Negrin, R.S. & Contag, C.H. In vivo imaging using bioluminescence: a tool for probing graft-versus-host disease. Nat. Rev. Immunol. 6, 484-490

Department of Medicine, Center for Clinical Research Building, 269 West Campus Drive, Stanford University, Stanford, California 94305, USA.
Nature reviews. Immunology (Impact Factor: 34.99). 07/2006; 6(6):484-90. DOI: 10.1038/nri1879
Source: PubMed


Immunological reactions have a key role in health and disease and are complex events characterized by coordinated cell trafficking to specific locations throughout the body. Clarification of these cell-trafficking events is crucial for improving our understanding of how immune reactions are initiated, controlled and recalled. As we discuss here, an emerging modality for revealing cell trafficking is bioluminescence imaging, which harnesses the light-emitting properties of enzymes such as luciferase for quantification of cells and uses low-light imaging systems. This strategy could be useful for the study of a wide range of biological processes, such as the pathophysiology of graft-versus-host and graft-versus-leukaemia reactions.

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Available from: Christopher H Contag, Oct 05, 2015
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    • "Bioluminescence reporter proteins have been widely used in the development of tools for monitoring biological events in living organisms in real time [21]. Many aspects of drug development can be facilitated using bioluminescence reporter proteins as an indicator to discover new targets, identify novel drug candidates, and validate their potency [22], [23]. In the present study, we found that a reporter consisting of cyclin A2 fused to luciferase was responsive to S-phase-specific anti-cancer drug, HCPT in cellulo and in vivo. "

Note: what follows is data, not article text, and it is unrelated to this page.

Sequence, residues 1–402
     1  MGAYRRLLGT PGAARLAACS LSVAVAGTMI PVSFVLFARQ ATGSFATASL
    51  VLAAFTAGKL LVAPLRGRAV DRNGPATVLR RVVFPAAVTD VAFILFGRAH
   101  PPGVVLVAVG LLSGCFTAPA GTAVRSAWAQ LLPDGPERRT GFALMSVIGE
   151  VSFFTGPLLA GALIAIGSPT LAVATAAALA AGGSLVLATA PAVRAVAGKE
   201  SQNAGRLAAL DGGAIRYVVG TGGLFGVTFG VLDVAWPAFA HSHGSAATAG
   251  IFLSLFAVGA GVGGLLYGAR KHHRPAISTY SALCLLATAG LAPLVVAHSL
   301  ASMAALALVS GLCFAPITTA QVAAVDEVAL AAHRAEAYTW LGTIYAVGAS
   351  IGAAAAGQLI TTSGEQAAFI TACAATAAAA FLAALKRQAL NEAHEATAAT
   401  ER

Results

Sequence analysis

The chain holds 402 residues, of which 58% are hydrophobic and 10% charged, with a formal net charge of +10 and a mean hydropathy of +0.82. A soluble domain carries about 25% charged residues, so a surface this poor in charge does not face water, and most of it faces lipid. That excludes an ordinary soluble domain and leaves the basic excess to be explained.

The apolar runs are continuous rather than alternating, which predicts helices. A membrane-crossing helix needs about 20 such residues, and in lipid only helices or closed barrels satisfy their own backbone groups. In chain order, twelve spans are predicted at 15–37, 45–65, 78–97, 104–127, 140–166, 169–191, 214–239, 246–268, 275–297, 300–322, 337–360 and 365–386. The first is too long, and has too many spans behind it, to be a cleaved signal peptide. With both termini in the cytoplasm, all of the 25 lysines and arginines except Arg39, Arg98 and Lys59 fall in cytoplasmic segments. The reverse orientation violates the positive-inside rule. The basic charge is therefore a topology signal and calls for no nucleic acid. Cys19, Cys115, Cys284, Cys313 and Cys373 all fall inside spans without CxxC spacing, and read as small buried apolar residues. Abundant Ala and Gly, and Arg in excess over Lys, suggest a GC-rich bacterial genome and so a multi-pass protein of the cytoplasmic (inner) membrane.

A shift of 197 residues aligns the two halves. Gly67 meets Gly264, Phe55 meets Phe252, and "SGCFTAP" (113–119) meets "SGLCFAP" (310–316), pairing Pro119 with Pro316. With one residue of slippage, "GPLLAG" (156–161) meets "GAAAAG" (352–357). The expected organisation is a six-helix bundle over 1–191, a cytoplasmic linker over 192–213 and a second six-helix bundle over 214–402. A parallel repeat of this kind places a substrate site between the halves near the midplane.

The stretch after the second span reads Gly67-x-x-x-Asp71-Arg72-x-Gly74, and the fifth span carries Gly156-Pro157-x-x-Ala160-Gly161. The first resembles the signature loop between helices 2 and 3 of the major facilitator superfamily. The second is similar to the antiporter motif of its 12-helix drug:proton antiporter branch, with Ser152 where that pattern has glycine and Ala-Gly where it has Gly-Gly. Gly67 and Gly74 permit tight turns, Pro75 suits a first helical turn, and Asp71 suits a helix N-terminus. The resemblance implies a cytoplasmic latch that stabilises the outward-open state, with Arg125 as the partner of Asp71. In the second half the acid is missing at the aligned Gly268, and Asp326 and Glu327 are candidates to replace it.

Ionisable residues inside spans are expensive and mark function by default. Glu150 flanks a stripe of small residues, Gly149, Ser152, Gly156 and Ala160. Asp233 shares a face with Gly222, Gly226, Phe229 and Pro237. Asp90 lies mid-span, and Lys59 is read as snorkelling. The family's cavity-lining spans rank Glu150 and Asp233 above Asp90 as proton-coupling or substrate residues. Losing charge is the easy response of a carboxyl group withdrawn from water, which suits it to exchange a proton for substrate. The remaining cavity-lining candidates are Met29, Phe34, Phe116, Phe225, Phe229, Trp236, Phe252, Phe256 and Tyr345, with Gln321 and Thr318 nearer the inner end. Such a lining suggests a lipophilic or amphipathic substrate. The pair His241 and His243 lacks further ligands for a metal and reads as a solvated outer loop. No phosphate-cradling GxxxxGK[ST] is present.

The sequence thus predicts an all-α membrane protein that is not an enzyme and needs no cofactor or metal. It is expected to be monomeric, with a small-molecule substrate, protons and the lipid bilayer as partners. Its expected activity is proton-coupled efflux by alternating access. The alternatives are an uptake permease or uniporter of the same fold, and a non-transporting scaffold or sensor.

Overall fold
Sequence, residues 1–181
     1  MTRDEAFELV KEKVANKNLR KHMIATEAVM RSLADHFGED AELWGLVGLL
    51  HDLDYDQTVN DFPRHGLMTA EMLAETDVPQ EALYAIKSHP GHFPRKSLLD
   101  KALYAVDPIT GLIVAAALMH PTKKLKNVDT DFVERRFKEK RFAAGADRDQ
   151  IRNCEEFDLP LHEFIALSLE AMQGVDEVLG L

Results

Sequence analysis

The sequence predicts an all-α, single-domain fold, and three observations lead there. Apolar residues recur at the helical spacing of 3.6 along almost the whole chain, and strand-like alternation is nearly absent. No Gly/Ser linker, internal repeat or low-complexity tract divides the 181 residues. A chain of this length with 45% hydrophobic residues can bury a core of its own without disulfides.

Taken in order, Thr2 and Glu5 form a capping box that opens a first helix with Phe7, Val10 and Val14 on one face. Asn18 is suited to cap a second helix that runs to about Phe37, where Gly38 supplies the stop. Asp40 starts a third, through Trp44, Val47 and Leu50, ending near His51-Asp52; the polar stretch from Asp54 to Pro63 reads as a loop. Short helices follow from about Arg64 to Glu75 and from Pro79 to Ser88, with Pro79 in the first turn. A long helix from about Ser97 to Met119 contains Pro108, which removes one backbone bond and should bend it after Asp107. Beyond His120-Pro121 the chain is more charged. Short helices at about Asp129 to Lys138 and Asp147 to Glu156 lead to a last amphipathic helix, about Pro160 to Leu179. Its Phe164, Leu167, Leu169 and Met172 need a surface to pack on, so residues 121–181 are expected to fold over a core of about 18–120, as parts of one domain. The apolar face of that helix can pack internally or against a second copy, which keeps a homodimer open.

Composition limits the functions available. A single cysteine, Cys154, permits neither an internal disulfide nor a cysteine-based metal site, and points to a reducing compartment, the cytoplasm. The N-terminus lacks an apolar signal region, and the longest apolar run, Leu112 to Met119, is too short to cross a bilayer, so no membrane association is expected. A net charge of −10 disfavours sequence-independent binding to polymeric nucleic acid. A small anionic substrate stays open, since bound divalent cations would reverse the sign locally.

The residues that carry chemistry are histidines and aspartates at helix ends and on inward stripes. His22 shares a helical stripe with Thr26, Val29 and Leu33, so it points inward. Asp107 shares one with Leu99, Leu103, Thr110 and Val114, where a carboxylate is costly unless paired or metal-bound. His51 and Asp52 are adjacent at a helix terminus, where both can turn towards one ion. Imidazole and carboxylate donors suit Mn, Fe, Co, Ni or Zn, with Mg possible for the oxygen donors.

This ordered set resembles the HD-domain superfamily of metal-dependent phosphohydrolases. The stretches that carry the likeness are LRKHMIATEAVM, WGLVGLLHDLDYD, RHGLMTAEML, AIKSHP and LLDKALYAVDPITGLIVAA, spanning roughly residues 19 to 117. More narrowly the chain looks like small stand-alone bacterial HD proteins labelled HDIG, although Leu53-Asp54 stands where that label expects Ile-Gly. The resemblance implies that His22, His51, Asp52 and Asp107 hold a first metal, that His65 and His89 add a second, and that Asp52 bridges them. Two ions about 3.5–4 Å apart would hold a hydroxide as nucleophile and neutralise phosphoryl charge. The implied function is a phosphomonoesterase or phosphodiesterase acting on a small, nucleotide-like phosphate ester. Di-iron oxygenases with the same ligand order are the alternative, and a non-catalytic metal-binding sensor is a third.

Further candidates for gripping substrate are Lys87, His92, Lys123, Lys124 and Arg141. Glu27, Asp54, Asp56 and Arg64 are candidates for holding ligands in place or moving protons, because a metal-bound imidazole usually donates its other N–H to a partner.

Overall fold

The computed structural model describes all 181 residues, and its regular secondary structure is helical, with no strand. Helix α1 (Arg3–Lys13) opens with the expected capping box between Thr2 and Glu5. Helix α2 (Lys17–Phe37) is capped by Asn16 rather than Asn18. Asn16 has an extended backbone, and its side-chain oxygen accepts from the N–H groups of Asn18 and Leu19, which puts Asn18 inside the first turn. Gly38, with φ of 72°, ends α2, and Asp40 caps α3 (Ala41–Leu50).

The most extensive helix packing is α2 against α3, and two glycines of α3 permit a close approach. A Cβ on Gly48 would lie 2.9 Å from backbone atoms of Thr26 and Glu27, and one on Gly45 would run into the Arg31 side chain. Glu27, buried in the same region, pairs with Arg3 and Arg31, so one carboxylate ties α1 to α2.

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    ABSTRACT: Bioluminescence reporter proteins have been widely used in the development of tools for monitoring biological events in living cells. Currently, some assays like flow cytometry analysis are available for studying DNA synthetic phase (S-phase) targeted anti-cancer drug activity in vitro; however, techniques for imaging of in vivo models remain limited. Cyclin A2 is known to promote S-phase entry in mammals. Its expression levels are low during G1-phase, but they increase at the onset of S-phase. Cyclin A2 is degraded during prometaphase by ubiquitin-dependent, proteasome-mediated proteolysis. In this study, we have developed a cyclin A2-luciferase (CYCA-Luc) fusion protein targeted for ubiquitin-proteasome dependent degradation, and have evaluated its utility in screening S-phase targeted anti-cancer drugs. Similar to endogenous cyclin A2, CYCA-Luc accumulates during S-phase and is degraded during G2/M-phase. Using Cdc20 siRNA we have demonstrated that Cdc20 can mediate CYCA-Luc degradation. Moreover, using noninvasive bioluminescent imaging, we demonstrated accumulation of CYCA-Luc in response to 10-hydroxycamptothecin (HCPT), an S-phase targeted anti-cancer drug, in human tumor cells in vivo and in vitro. Our results indicate that a CYCA-Luc fusion reporter system can be used to monitor S-phase of cell cycle, and evaluate pharmacological activity of anti-cancer drug HCPT in real time in vitro and in vivo, and is likely to provide an important tool for screening such drugs.